That these kinds of statements are prejudicial is clear. In the absence of the bad faith issue, Federal Rules of Evidence 403 would have operated to exclude the testimony of Mrs. Almonte, supra. Furthermore, without the bad faith claim, much of Mrs. Almonte's testimony is irrelevant, and Rule 402 would have prevented its introduction. Rule 408 would have prohibited Bromley's testimony on settlement negotiations. The policy behind these rules is sound: "... [E]vidence may be excluded if its probative value is outweighed by the danger of unfair prejudice, confusion of the issues, or misleading the jury...." Fed.R.Evid. 403.

Because of prejudicial error in failing to counteract the prejudice created when the jury heard these statements and evidence, this Court has no choice but to reverse.

Because we reverse, we find it unnecessary to reach the other issues.5 


COFFIN, Chief Judge, dissenting.

I am constrained to dissent, because I do not believe that the court below committed reversible error. My reasons are simple. As to defendant's argument that the court should have dismissed plaintiff's bad faith claim prior to trial instead of ruling on it as a motion for a directed verdict, the record indicates that the motion to dismiss was based not on lack of evidence, but on the unconstitutionality of retroactive application of the Rhode Island statute creating a cause of action for bad faith. No ruling was ever made on that issue, nor am I inclined to believe that the argument has much merit. As to the court's denial of defendant's request for a mistrial, I do not read the statements regarding bad faith in plaintiff's opening as outrageous enough to require that we second guess the court's judgment that the trial could proceed. Finally, other than a cryptic comment to the court in a colloquy regarding jury instructions, I do not find any indication that defendant, represented by competent and seasoned trial counsel, ever unambiguously requested an instruction that the jury disregard evidence of bad faith. Accordingly, I am reluctant to reverse the court for not having given such an instruction.


Of the District of South Carolina, sitting by designation


We do not reach the issue of whether the Rhode Island bad faith cause of action, R.I.G.L. 9-1-33, has retroactive effect and whether such a cause of action is appropriate under these facts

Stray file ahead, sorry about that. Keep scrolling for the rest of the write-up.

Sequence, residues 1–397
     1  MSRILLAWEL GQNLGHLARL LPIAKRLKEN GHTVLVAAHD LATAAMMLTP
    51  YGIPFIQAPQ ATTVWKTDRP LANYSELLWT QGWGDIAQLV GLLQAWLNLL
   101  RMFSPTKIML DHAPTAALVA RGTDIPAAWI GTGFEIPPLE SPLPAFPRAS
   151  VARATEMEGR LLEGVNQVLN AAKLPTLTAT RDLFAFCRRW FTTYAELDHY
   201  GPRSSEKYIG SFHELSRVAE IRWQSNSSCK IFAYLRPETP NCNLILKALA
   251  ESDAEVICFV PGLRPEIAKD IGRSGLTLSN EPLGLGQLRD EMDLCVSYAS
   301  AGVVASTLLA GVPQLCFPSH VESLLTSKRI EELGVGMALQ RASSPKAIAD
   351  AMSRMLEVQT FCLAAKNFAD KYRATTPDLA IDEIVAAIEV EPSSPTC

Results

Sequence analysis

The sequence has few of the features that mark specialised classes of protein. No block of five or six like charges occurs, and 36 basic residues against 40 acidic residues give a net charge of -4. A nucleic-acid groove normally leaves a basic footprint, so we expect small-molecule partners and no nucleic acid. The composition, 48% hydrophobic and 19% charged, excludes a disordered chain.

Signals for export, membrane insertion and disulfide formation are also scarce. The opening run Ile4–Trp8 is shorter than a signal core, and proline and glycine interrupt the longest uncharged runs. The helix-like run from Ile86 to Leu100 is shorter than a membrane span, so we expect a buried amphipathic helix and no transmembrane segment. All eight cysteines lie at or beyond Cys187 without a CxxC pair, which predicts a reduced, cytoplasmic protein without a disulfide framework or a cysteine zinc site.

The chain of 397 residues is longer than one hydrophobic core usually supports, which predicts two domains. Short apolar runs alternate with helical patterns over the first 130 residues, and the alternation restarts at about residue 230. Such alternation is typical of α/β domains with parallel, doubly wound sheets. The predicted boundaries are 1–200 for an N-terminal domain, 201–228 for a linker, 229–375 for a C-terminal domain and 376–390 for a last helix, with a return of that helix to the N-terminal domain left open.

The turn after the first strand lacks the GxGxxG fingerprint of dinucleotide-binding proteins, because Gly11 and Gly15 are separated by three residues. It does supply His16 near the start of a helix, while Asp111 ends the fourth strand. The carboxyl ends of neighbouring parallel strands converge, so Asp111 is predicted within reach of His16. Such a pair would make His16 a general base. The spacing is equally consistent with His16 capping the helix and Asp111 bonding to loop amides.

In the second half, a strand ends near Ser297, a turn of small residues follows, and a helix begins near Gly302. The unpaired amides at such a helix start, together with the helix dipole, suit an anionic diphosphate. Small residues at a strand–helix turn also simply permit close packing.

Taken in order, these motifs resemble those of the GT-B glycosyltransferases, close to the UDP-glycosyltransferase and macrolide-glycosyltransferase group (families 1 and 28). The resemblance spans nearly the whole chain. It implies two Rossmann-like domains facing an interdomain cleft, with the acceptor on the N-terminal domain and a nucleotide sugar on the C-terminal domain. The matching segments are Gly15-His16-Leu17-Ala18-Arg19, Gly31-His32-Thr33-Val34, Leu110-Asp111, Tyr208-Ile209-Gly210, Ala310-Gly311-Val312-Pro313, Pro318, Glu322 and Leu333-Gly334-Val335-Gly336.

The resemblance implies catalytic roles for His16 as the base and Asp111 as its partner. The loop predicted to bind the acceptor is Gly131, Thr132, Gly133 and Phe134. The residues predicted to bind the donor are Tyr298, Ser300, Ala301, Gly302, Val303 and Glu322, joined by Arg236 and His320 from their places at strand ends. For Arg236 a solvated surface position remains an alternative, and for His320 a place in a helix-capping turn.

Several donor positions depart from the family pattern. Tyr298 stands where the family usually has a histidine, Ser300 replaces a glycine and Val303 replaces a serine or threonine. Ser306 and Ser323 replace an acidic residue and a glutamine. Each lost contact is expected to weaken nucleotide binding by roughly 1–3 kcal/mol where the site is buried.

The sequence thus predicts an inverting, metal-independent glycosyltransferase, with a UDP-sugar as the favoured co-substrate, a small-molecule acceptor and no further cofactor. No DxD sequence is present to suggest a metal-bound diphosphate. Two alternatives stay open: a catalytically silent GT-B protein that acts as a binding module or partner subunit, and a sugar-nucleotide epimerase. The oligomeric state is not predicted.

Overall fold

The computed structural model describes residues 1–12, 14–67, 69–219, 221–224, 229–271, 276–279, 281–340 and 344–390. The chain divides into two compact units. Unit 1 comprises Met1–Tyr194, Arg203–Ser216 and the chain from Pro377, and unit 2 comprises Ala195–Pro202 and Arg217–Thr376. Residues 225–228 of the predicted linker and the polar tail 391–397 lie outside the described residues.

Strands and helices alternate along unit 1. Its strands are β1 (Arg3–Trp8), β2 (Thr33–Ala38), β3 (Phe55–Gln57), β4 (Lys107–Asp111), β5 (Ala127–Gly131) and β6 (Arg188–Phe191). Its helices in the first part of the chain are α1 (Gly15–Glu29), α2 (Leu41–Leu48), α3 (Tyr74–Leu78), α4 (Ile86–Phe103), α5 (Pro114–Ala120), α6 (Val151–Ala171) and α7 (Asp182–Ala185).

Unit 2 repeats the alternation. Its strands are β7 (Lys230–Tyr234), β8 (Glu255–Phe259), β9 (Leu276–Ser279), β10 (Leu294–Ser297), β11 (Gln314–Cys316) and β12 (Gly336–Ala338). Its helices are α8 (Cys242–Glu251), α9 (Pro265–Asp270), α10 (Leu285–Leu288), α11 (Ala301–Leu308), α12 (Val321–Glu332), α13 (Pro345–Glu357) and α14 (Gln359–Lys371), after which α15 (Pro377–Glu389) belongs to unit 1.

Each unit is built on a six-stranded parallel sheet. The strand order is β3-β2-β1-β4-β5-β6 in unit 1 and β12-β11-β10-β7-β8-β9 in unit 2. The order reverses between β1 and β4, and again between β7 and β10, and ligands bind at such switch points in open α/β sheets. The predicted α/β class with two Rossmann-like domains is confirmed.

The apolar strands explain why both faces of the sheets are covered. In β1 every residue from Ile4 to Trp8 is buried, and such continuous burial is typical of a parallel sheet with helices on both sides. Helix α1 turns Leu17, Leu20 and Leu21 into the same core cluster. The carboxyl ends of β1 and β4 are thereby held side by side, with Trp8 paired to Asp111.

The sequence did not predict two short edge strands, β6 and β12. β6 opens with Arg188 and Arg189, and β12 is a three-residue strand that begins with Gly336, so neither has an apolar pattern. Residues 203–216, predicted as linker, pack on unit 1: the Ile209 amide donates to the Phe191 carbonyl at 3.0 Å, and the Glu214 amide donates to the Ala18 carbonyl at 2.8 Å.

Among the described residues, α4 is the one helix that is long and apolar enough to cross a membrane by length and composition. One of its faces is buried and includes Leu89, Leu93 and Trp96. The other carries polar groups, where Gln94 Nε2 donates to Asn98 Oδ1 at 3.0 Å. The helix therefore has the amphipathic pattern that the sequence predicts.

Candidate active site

While the judge did warn the jury prior to the opening statements that the statements of counsel are not to be taken as evidence (R.A. 494, 496) and repeated that warning in his final instructions (R.A. 462), these admonitions do not totally mitigate the prejudice caused by the opening statements since the jury heard some of the same information from the witness stand


Apparently, in Rhode Island, a motion for a mistrial is called a motion to pass the case


In fact, the Court refused outright to admonish the jury to disregard the evidence presented on the bad faith issue. (R.A. 460). While it is true that the trial judge did not mention the bad faith claim in his instructions or in his discussion of damages, such an omission cannot overcome the prejudicial effect of the testimony and opening statements


On the issue of the proper measure of damages, the appellant contends that the trial court improperly instructed that the proper measure of damages was replacement cost less depreciation. (R.A. 479). Instead, the appellant argues that the proper measure is actual cash value at the time of the loss. As this case arises out of Rhode Island, that state's law must govern. Erie Railroad Co. v. Tompkins, 304 U.S. 64, 58 S. Ct. 817, 82 L. Ed. 1188 (1938). Apparently, the Rhode Island courts have not specifically addressed this question. This Court has no intention of saying what the Rhode Island law is or should be on this question. However, the trial judge apparently followed the majority rule (R.A. 440-447) that actual cash value is replacement cost less depreciation. Annot. 61 A.L.R.2d 711 (1958). We would be unwilling to hold that Rhode Island law is contrary to the majority rule